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    • Believe it or not, soaking that jacket in cold water, rinsing out the blood till the water was more or less “clearish”, then letting it soak further over night before washing it in the soak + cold water regular cycle with a good detergent has never failed me. People say you should soak it in soda water to get the stain out, but I guess that means after it’s set. I always begin the process as soon as I get home. That means the blood doesn’t have time to set up that much.

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  5. I am sorry you had the blowout and the washing chores afterwards. The post and comments are educational regarding what someone on dialysis goes through. You have amazing fortitude! All the best from cats and crew here. 🙂

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    • Once you acknowledge the “new normal”, you just do what that requires, and don’t really give it much thought. As noted in the post, I took time to show the bloody mess to my kitties first before taking care of soaking and washing it! Ha! I was disappointed they didn’t get excited about the blood.

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  6. I’m oddly relieved the kitty boys didn’t get excited at the smell of your blood. (“Hello, we are Count Andy and Count Dougie and we have come to suck your blood.”)

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    • I guess Andy and Dougy are just too domesticated to get excited about the smell of blood. I do try to expose them to interesting smells one way or another to keep them stimulated.

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    • Thank you! I was just outside the entrance to the emergency ward, so couldn’t have been better placed for “rescue”! Yes, I am fine. The photos make it look pretty grim, but people who have this occasionally happen to them know the routine, what to do before you lose too much blood.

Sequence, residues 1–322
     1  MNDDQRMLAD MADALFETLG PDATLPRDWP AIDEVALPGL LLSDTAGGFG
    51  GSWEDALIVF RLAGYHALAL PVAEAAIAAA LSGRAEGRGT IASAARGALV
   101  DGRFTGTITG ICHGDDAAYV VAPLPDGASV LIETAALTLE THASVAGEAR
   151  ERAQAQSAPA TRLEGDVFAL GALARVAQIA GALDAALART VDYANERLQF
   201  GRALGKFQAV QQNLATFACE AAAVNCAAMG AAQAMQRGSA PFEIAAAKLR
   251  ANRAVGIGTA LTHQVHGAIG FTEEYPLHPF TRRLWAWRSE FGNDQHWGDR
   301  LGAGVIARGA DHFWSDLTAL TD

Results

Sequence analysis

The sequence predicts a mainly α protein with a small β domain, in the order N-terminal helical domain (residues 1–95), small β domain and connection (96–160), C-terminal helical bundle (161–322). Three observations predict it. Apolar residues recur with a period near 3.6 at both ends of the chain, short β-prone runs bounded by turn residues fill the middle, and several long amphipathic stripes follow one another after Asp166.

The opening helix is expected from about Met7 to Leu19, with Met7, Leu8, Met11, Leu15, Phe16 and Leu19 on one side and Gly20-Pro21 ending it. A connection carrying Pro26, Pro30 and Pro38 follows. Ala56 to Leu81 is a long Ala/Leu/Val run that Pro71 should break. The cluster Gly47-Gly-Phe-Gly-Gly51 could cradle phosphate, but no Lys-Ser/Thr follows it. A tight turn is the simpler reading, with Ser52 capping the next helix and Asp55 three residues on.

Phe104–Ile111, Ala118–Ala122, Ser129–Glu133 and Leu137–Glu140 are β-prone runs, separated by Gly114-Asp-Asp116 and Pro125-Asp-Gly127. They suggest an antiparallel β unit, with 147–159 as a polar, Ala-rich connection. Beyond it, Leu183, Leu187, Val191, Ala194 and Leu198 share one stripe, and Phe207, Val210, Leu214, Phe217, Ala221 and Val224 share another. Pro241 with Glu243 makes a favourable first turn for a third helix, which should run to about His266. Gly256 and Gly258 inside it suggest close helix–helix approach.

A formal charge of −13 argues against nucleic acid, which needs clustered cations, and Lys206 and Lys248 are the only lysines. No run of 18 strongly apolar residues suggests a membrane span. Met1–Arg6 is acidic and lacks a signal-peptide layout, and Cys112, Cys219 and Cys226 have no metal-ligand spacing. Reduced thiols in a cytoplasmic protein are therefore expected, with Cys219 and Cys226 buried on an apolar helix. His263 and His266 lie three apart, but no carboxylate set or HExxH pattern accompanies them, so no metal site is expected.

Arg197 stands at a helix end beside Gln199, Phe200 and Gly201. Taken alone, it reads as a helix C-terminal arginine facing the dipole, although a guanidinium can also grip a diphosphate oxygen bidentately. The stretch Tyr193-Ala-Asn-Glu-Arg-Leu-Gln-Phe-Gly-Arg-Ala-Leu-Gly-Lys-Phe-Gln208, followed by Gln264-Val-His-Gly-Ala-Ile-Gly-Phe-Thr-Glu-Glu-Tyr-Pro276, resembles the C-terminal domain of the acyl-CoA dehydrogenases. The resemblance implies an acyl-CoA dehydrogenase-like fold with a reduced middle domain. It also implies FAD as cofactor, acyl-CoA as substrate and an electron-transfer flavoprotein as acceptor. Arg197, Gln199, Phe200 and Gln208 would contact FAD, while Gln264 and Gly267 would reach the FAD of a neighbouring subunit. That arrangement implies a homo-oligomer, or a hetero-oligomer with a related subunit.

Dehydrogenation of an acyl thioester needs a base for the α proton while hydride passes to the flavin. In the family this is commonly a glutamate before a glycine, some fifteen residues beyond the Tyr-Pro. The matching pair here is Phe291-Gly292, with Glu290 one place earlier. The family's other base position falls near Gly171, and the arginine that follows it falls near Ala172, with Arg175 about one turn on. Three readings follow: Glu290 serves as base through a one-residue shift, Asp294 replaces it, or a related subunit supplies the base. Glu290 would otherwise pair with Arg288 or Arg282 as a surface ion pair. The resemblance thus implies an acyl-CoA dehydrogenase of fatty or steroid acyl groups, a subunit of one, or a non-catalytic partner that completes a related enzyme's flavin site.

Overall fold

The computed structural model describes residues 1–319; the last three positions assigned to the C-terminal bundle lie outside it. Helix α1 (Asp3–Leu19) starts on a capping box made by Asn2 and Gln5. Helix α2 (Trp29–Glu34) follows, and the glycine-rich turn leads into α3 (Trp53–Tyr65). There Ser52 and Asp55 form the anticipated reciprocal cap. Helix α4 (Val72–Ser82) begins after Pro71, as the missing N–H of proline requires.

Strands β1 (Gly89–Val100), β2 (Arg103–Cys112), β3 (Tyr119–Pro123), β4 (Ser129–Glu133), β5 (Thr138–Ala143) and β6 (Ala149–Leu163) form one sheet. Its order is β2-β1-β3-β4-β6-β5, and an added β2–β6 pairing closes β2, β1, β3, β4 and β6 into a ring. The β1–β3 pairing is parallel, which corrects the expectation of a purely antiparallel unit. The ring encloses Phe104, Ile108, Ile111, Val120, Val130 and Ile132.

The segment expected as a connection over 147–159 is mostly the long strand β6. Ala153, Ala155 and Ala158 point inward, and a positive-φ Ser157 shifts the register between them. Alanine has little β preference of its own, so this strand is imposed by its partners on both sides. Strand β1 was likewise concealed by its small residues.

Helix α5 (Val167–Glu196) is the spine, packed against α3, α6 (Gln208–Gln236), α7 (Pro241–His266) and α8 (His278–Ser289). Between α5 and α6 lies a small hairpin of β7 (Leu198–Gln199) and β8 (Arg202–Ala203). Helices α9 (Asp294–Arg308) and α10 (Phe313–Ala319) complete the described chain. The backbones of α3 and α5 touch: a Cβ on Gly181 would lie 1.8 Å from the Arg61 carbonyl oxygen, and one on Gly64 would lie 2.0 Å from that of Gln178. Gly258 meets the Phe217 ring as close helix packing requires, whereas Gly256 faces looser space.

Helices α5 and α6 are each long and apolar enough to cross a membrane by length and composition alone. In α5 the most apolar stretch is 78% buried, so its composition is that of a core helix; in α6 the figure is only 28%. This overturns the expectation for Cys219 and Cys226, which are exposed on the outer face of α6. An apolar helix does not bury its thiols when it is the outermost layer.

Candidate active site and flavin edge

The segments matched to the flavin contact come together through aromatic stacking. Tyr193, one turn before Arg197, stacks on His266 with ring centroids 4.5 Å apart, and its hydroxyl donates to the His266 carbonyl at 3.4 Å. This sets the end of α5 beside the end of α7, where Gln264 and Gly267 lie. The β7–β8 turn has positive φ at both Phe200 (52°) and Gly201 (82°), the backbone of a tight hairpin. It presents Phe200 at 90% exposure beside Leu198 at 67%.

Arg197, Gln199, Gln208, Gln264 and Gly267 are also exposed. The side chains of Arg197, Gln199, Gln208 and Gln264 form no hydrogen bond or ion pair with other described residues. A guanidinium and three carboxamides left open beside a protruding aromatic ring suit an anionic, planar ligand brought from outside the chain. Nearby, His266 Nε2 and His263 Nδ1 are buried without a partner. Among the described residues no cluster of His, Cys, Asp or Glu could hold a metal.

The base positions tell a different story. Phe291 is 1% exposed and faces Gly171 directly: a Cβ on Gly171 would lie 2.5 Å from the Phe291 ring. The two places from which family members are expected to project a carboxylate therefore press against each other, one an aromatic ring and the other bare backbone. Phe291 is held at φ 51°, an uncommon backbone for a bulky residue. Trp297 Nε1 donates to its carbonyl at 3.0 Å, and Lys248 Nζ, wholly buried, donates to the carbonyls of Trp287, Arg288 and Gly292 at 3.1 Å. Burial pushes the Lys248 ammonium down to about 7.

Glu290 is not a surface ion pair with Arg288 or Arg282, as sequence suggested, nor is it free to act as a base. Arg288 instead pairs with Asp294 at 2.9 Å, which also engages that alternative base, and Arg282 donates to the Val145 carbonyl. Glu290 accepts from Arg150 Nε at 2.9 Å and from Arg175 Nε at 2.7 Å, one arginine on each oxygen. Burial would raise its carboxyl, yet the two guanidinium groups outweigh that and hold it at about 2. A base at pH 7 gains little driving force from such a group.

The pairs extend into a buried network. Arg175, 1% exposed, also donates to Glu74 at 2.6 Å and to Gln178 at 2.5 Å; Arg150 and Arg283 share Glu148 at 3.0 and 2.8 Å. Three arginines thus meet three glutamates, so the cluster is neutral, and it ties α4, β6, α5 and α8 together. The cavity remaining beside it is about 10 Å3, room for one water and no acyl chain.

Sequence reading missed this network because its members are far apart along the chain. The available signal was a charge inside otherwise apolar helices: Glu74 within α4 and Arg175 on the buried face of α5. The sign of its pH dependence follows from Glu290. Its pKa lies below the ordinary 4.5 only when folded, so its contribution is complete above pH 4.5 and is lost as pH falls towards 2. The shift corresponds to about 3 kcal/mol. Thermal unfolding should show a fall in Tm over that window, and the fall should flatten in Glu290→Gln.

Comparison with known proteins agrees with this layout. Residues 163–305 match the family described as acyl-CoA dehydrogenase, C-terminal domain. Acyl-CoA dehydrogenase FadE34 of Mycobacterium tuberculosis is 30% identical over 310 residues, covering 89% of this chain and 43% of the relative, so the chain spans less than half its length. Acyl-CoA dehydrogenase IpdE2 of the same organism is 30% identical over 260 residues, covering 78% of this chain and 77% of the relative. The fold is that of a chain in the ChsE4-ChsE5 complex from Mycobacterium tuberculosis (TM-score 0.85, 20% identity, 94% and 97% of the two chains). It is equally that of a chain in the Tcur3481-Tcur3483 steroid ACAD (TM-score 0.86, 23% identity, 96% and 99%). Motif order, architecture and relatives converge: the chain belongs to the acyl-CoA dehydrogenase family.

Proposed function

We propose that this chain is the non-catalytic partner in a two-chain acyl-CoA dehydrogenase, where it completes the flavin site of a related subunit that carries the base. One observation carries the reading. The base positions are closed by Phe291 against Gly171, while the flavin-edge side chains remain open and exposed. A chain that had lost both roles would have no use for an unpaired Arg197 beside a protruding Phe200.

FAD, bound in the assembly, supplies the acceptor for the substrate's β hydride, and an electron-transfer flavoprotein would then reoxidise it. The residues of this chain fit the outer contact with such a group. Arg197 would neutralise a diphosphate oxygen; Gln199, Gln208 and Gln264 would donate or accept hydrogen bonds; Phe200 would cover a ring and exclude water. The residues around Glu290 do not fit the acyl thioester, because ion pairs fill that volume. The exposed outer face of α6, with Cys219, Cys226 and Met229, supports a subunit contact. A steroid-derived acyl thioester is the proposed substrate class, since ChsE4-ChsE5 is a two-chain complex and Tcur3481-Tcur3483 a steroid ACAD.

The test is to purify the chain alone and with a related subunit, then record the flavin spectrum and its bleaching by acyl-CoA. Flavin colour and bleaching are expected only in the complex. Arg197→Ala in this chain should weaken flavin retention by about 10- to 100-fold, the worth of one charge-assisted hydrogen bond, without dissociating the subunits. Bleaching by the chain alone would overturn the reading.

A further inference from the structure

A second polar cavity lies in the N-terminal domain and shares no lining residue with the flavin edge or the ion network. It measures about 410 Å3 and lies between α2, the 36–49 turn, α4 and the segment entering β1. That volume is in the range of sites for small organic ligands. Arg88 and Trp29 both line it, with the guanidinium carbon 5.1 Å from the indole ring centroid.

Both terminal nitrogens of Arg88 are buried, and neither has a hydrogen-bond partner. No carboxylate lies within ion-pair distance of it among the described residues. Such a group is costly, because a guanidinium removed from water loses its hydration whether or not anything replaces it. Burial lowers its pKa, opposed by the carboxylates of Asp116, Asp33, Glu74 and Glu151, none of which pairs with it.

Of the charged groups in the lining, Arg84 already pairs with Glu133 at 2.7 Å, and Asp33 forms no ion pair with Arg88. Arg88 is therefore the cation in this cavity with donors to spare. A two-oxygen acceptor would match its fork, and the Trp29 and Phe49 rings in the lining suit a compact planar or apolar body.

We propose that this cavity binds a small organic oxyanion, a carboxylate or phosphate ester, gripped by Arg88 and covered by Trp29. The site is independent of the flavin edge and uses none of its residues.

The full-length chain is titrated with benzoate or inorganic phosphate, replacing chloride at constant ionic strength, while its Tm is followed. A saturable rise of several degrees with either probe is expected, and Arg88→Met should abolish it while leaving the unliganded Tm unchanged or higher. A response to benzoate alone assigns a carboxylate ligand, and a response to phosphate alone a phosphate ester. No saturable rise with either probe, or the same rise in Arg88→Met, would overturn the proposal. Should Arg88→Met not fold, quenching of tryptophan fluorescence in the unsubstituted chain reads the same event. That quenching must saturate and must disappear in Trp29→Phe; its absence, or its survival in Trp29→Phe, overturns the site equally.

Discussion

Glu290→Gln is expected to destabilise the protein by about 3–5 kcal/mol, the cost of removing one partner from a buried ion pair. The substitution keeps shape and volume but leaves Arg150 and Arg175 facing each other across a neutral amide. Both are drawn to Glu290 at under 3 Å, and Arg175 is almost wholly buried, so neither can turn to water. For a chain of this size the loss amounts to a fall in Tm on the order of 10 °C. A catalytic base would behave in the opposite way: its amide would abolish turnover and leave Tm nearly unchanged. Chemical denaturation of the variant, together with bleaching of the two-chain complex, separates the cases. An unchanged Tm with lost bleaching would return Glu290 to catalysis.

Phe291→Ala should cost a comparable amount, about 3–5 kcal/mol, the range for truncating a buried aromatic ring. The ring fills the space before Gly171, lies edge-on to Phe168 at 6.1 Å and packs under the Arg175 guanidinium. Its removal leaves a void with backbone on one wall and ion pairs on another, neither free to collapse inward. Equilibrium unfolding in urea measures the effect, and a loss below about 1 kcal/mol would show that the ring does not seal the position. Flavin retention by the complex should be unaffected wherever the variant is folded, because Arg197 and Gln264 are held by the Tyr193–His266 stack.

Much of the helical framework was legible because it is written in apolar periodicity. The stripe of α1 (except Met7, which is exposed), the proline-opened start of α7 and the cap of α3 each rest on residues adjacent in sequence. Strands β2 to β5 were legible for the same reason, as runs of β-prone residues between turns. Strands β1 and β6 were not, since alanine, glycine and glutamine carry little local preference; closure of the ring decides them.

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  7. “I’ve learned how to soak, wash, and dry bloody clothes to prevent stains”

    Was this before they relocated you to Nebraska and changed your name? [evil smirk]

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    • LOL! Yes, I suppose that makes me a dangerous fellow in some respects, though I know they have a way to highlight cleansed blood stains that means I can’t commit the perfect crime after all! (I can’t comment on the relocation…, LOL!)

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  8. Fortunately you kept your self control -( sang froid in French, without word game).
    It was a serious hemorragia. with risk of faint or infection . Afterwards you courageously drove your car .
    What a courage !
    In friendship
    Michel

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    • I wairted a few minutes before I drove, however, just to make sure I felt safe and the bleeding was done. There is a waiting room for the emergency area, so I talked with some of my fellow patients till I knew I could safely leave.